Oleic acid 18:1 (octadecenoic acid) 0.006 g N/D
Fatty acids, total polyunsaturated 0.002 g N/D
Linoleic acid 18:2 (octadecadienoic acid) 0.002 g N/D

*Above mentioned Percent Daily Values (%DVs) are based on 2,000 calorie diet intake. Daily values (DVs) may be different depending upon your daily calorie needs. Mentioned values are recommended by a U.S. Department of Agriculture. They are not recommendations. Calculations are based on average age of 19 to 50 years and weighs 194 lbs.

Health benefits of Jerusalem artichoke

Also known as sun choke, sun root and earth apple all over the world, this vegetable Jerusalem artichoke does not really have any association with Jerusalem and has an array of health benefits that many are unaware of Listed are some popular benefits of consuming Jerusalem artichoke:

1. Control cholesterol

Soluble fiber present in Jerusalem artichoke helps to lower blood cholesterol level by lowering low density lipoprotein or bad cholesterol levels. Apart from that fiber is also beneficial for other heart health benefits like reducing inflammation and blood pressure. Raw Jerusalem artichoke consists of 2.4 g of Fiber which is 6.32% of the daily recommended value.

2. Control blood pressure

Jerusalem artichoke consists of considerable amount of potassium and minimal amount of sodium, which is helpful in lowering blood pressure. One cup of raw tuber contains 644 mg of potassium and only 6 milligrams of sodium. Similarly, the fiber content in the Jerusalem artichoke is supportive in improving the performance of insulin in the body, which helps in the lowering of blood pressure.

3. Boost the immune system

Antioxidant vitamins like vitamin A, vitamin C and vitamin E are available in Jerusalem artichoke in minimal amounts. All these vitamins along with flavonoid compounds like carotenes helps seek and remove free radicals, providing the body protection from cancers, viral cough, inflammation and common cold. One cup of raw tuber consists of 2 µg of vitamin A, 6 mg of vitamin C and 0.28 mg of vitamin E.

4. Muscle Function

Iron which is sufficiently found in Jerusalem artichoke is an essential element for better muscle health. Iron is present in the muscle tissue and helps to provide the supply of oxygen which is needed for contraction of muscles. Without sufficient iron muscle will lose its tone and elasticity which leads to muscle weakness and muscle weakness is one of the major indication of anemia.

5. Supports a Healthy Cardiovascular System

Jerusalem artichoke consists of sufficient amount of Thiamine which is essential for producing neurotransmitter called acetylcholine which is used to relay message between nerves and muscle. Our heart is one of the main muscles that rely on these crucial signals. So as to maintain proper cardiac function and healthy heart beat rhythms, the nerves and muscles must be able to use bodily energy to keep signaling to each other.

Recent research has shown that thiamine is helpful in combating heart disease since it maintains healthy ventricular function and to help treat heart failure.

6. Helps Prevent Premature Aging

Copper is a powerful antioxidant which is present in Jerusalem artichoke which works in presence of antioxidant superoxide dismutase to safeguard the cell membranes from free radicals. It is one of the powerful antioxidant which helps to fight against free radicals. Free radicals may attack several organs systems but are particularly studied in terms of their effects on aging like age spots, wrinkles, macular degeneration as well as kidney malfunctions. Therefore sufficient amount of Copper is required for looking younger for longer time. Raw Jerusalem artichoke consists of 0.21 mg of copper which is 23.33% of the daily recommended value.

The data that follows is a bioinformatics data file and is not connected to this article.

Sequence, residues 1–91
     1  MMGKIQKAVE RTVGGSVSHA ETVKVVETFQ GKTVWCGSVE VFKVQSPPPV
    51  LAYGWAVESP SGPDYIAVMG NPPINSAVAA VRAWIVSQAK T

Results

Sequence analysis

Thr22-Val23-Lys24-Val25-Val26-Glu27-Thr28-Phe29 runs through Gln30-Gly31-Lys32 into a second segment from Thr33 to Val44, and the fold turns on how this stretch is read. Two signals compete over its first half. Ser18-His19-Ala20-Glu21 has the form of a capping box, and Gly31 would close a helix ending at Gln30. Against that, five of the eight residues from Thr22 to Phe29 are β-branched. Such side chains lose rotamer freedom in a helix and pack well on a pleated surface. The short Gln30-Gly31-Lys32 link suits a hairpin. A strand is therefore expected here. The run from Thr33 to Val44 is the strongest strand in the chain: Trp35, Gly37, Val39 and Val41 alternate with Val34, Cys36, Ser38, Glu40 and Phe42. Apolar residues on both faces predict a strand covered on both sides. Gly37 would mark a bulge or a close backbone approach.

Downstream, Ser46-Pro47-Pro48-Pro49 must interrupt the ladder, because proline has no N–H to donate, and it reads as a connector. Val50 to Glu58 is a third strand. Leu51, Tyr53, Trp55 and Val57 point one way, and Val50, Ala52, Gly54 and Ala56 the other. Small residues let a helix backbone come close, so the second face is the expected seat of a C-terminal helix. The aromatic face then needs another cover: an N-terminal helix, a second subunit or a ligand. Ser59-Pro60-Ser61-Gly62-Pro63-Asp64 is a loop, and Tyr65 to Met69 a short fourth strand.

7. Helps Maintain Dental Health

Jerusalem artichoke consists of huge amount of phosphorus which is bone and teeth health. Phosphorus along with calcium and vitamin D plays an important role in formation and maintenance of dental health by supporting tooth enamel, jaw bone mineral density. Apart from that these vitamins and minerals also help to heal tooth decay.

Basically children need foods that are high in phosphorus and calcium while they are developing adult teeth in order to form teeth’s hard structure. Vitamin D is required along with phosphorus to control the body’s balance of calcium and improve its absorption during tooth formation. Vitamin D can also help to decrease inflammation of gums which is related with periodontal gum disease.

How to Eat

  • It is used as a vegetable that could be baked, mashed, steamed or made into soups, pickles and sauces or eaten raw in salads.
  • They are good grated into fresh salads and are a perfect snack for dieters.
  • Boiled and mashed, they are somewhat similar to potatoes and can be used like potatoes in most recipes and can be used in a delicious and nourishing soup.
  • Jerusalem artichokes can also make delicious French fries.
  • They are outstanding when pickled.
  • Jerusalem artichokes can be roasted like potatoes with fowl or meat or bake with cream and cheese for a delicious scalloped/au gratin.
  • Roasted tubers are used as a coffee substitute.
  • Tubers can also be used for the production of alcohol and fructans.
  • Tubers being rich in inulin are an important source of fructose for industry.
  • They are used to make sweetening and inulin-rich floury products.
  • Jerusalem artichoke bread prepared from tuber powder displayed a high quality in organoleptic evaluation.
  • In France the artichokes have been used for wine and beer production for many years.

Other Traditional uses and benefits of Jerusalem artichoke

  • Jerusalem artichoke is stated to be aphrodisiac, cholagogue, aperient, diuretic, spermatogenic, stomachic and tonic.
  • It has been reported to be used as a folk remedy for rheumatism and diabetes.
  • Leaves of H. tuberosus showed antipyretic, anti-inflammatory and analgesic effects and were used as folk medicine in China for the treatment of skin wounds, bone fracture, swelling and pain.
  • Tubers are used as folk remedy for the treatment of diabetes in Turkey.

Other Facts

  • Jerusalem artichoke had proven to be a rich source of inulin and was well characterized as potential crops for commercial fructose production.


  • The Jerusalem artichokes may cause the allergic reactions to persons who are reactive to the family of Composite.
  • Sun chokes may perhaps produce gall stones that may be deteriorated by the elevated bile flow.